We developed a comprehensive 3D digital atlas of the head-neck system of the honeybee. The model was generated from serial sections, because this was the only approach available to us capable of providing sufficient resolution to reconstruct the fine details of skeletal structures and nerve branches. The laborious nature of reconstruction from serial sections limited our sample size to one. Given that the anatomy of the honeybee neck described here agrees very closely with three earlier studies –, we consider this atlas to be representative of the worker honeybee. Nevertheless, it is possible that the location of muscle attachment points, muscle masses, or cuticle rigidity at critical stress points varies between individuals of the same species. Such variability could lead to errors in biomechanical simulations based upon this work.
The high resolution of our model, combined with the ability to independently show or hide individual muscles and skeletal structures greatly aided our understanding of the head-neck system. We concluded that the head articulates upon two pivot points (the occipital processes of the propectuses). This makes the head-neck joint of the bee especially well adapted for rotations in pitch (driven by direct muscles). Conversely, we concluded that mechanical and anatomical constraints make mechanisms using indirect muscles most effective for generating head roll and yaw (via deformation of the propectus).
The two levels of articulation, via direct and indirect muscles, bear similarities to the inner and outer rings of a gimbal. Rotation of the propectuses results in rotation of the head, which can then be rotated independently of the propectuses. Such a two-component gimbal system provides a method of allowing complex movements of the head in several axes. Gimbal-like mechanisms have also been proposed when describing the coxa-trochanter chain in the insect leg .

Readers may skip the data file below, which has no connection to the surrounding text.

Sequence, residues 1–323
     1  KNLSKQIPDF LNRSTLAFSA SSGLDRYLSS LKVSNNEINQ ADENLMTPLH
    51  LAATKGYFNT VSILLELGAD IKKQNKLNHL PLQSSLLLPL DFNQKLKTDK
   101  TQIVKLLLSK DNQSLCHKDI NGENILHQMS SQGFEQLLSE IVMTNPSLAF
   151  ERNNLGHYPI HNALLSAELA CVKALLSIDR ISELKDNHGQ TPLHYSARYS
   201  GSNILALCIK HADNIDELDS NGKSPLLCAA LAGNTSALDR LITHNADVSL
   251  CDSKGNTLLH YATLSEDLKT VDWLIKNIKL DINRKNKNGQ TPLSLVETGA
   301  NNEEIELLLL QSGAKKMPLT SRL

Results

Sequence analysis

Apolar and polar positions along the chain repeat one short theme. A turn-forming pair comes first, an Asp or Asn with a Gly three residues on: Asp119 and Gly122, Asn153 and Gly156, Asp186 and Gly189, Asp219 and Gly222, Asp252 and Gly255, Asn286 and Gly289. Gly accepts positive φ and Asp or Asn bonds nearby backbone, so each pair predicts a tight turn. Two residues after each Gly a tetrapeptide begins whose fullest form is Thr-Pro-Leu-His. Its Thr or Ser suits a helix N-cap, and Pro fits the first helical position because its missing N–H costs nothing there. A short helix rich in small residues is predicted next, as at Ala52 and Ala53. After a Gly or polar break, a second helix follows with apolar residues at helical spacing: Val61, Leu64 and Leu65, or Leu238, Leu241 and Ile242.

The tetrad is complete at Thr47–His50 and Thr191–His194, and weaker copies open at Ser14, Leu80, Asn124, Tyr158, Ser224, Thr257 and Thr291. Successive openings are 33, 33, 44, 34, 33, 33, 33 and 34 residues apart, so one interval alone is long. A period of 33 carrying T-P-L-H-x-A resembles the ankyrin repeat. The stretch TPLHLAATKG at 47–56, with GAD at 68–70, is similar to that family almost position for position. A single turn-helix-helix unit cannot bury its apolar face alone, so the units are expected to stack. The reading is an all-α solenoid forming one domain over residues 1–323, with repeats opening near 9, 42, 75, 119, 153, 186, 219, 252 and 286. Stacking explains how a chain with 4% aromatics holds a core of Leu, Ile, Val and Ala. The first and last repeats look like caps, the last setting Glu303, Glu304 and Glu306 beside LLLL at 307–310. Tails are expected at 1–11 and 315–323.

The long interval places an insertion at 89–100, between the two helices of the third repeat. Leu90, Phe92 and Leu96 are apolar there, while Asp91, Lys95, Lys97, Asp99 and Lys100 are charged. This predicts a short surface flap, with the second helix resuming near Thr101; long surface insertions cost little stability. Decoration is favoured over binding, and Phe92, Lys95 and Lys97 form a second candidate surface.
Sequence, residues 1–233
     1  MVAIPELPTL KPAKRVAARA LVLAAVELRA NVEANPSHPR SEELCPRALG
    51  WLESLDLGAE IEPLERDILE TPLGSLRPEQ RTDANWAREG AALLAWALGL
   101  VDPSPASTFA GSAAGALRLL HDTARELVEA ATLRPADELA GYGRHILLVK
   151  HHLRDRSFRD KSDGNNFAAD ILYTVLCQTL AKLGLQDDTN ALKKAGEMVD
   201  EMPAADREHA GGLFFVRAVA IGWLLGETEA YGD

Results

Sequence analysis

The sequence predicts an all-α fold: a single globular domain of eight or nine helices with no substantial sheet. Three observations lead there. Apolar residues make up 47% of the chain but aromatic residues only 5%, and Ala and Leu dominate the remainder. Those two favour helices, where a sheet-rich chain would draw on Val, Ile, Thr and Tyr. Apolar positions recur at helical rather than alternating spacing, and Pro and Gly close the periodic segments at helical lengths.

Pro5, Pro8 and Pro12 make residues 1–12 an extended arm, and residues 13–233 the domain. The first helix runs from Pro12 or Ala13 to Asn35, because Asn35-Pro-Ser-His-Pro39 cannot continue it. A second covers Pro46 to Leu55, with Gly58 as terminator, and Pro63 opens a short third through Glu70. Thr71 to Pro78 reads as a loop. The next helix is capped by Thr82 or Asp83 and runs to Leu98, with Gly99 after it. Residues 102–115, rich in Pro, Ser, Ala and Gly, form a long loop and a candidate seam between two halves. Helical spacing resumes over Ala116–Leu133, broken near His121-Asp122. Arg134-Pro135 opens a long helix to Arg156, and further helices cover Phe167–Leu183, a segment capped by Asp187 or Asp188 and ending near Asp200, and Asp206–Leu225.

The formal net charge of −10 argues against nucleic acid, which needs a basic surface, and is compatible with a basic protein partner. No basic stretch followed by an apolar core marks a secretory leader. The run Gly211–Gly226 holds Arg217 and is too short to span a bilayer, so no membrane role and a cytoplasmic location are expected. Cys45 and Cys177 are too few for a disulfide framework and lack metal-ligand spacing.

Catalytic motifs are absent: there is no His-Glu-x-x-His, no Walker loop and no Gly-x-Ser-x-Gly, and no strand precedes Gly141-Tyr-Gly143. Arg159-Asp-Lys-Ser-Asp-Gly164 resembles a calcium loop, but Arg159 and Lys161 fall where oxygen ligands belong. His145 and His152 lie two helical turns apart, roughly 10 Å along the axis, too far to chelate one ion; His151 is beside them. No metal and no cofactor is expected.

Five direct neck muscles (muscles 40–44) and seven indirect neck muscles (muscles 45–51) have been classically described in the honeybee . We consider this number to be an over simplification, because at least two of the direct neck muscles (muscles 40 and 41) clearly consist of two branches, each of which exert force in a different direction, and can therefore be considered a separate muscle.
Schröter et al.  also showed that neck muscles 44 and 51 are composed of five and two subunits respectively. Each subunit is anatomically separable, and each possesses unique attachment points on the endoskeleton and tendon. Some subunits may be differentiated on the basis of staining intensity or muscle fibre size, indicating that subunits may be composed of different fibre types , which is not unusual in invertebrates .
It was not deemed necessary to reconstruct subunits of muscles where all subunits exert force in a similar direction. However, observation of the sequential section series, and of the reconstructed surfaces clearly supported the conclusions of . Additionally, we found here that muscle 43 bifurcates into two branches, suggesting that this muscle also consists of two distinct subunits. In this case both bundles of muscle fibres were of similar size and appearance.